In defense of finding value on Steem
What Steem is and what it will become is a topic which is garnering some interesting debate recently. It has always been discussed one way or another but in this moment the possibilities seem to be both closing and opening in ways which a least feel a little newer than before.
This is largely due to the continued proliferation of apps built to integrate with Steem. These apps use some part of the Steem blockchain to realize their goals. Note that it isn't really right
to call nearly any of these "dApps" or distributed apps, because they are in fact centralized. They are also not really "apps on Steem" because no code runs on the blockchain. I recently discussed this and jokingly coined the term "dAppish" which you are free to use :D But then again, this is so much nitpicking so I'll move on.
Conversations so far have focused on either lamenting or rejoicing in the demise of Steem as a blogging platform. While I have every respect for Steemit Inc., they have failed to offer a modern and compelling blogging tool in steemit.com, and alternate offerings have been blinkered by the example they set. With the rise of non-blogging apps using Steem many see it fit to call Steem-as-blog dead.
On the flipside there has been slowly growing excitement about the new apps, as well as the usual conservatives reminding us of the fable of Icarus in their own way. It's a point that needs to be made, but I think we can indulge in a little excitement from time to time. There are some really great products out there and as they cut their teeth and make or break it, I feel like we're entering chapter 3 of the life of the blockchain. See chapter 1: those first in; chapter 2: early adopters.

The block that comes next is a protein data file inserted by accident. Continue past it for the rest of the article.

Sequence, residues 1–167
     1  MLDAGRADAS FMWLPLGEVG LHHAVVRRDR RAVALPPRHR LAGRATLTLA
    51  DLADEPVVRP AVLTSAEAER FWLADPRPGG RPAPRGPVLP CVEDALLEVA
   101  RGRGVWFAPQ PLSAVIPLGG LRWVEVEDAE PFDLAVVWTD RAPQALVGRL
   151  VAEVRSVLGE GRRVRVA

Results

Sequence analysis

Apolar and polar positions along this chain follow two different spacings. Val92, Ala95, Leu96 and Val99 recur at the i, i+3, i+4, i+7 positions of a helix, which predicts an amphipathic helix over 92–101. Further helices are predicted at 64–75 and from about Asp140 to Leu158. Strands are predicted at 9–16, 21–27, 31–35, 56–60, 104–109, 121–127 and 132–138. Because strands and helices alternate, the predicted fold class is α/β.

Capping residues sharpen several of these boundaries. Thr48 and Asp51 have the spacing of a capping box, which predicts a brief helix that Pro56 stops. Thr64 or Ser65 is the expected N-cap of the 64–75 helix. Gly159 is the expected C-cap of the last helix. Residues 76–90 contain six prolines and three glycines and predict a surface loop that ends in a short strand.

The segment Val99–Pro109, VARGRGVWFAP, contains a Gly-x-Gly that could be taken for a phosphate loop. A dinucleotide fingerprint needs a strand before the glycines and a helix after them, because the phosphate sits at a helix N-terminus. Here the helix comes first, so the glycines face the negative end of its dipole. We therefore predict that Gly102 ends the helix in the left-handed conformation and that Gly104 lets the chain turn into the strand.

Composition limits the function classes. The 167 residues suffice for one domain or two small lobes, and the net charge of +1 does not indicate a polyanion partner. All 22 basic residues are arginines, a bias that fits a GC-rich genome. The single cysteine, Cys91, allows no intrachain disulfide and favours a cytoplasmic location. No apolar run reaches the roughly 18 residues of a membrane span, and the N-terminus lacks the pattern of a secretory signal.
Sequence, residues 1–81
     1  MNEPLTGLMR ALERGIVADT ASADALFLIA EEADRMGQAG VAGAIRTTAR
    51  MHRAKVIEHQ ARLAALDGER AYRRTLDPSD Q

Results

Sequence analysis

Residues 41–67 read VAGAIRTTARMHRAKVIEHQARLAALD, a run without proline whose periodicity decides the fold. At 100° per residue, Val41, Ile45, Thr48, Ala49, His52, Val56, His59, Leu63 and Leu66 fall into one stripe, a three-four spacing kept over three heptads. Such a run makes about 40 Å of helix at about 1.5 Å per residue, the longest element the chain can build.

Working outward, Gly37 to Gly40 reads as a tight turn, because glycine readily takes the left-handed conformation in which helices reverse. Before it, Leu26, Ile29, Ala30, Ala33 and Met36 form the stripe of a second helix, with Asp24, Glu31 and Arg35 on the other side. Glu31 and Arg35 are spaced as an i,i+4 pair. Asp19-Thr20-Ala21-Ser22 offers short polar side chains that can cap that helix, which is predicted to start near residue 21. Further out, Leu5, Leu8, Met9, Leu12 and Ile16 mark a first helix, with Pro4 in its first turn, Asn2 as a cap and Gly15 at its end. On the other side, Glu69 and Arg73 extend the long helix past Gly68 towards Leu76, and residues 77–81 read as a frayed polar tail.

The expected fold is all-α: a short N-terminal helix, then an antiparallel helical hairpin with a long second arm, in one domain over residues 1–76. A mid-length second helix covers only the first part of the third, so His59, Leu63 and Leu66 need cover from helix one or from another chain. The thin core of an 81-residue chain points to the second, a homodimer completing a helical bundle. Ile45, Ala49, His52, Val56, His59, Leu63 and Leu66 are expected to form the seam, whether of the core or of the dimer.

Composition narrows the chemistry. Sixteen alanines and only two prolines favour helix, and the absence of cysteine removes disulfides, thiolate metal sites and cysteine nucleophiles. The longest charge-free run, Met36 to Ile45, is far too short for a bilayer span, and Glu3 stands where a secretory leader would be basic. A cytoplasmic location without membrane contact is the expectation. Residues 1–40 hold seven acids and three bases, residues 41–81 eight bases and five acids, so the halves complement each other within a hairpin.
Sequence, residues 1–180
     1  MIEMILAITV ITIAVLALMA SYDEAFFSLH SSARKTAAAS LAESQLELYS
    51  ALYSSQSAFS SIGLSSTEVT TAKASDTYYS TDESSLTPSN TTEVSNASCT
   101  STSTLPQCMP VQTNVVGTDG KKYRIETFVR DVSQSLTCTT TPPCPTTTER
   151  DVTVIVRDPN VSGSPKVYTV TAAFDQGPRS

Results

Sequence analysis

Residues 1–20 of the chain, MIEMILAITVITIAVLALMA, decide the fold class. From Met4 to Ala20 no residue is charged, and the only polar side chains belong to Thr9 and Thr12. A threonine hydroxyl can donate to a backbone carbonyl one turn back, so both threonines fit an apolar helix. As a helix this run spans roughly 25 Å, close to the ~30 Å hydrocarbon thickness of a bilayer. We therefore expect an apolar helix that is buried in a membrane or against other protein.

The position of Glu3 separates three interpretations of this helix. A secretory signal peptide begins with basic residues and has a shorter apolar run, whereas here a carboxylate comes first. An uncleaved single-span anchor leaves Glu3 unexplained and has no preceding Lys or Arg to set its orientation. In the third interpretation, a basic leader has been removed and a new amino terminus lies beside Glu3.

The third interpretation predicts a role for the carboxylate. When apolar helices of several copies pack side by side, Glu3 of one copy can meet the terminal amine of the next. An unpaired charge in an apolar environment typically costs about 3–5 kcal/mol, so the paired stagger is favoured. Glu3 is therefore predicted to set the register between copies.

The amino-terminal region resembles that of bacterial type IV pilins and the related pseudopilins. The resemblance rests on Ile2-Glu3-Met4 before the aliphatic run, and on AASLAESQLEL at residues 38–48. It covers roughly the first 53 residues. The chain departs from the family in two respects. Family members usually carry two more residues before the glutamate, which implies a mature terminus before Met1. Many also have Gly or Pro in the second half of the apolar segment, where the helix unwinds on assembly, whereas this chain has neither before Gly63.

But you probably know all this already. :) What I really want to discuss here is the things that will not change in all the weather and tide changes we find ourselves in: finding value on Steem.
The fallacy of quality
In @taskmaster4450 's recent post, they dismiss the practice of prioritizing quality articles as snobbish, hurting adoption and stifling innovation.
There's one thing I definitely agree with about this position, and that's that new people are often told "the way it is" by existing users who claim some authority on how stuff is supposed to work here. In other words, they lay down rules and say "this is what we all do" without admitting to the diversity of action and opinion on Steem. We are conditioned to accept a homogeneous culture as it's what we find on Facebook, Twitter, Redit, etc., so it doesn't seem odd to newbies. But it causes quite a lot confusion. I've tried to do my part to encourage new users to look around at what people are doing for themselves.
But the real bugbear for me is the claiming that writing and reading high quality articles is elitist. Immediately this accusation smacks of the kind of anti-intellectualism that has gained currency in a world of highly processed media.
On the one hand it often comes from a place of anti-authoritarianism, specifically against the fallacy known as "Argument from Authority". That is: trust me, I'm an expert. I support this criticism. If I accept someone's ideas I try to do so on the face of the ideas, not on the status of the speaker. I expect other people to take the same liberty.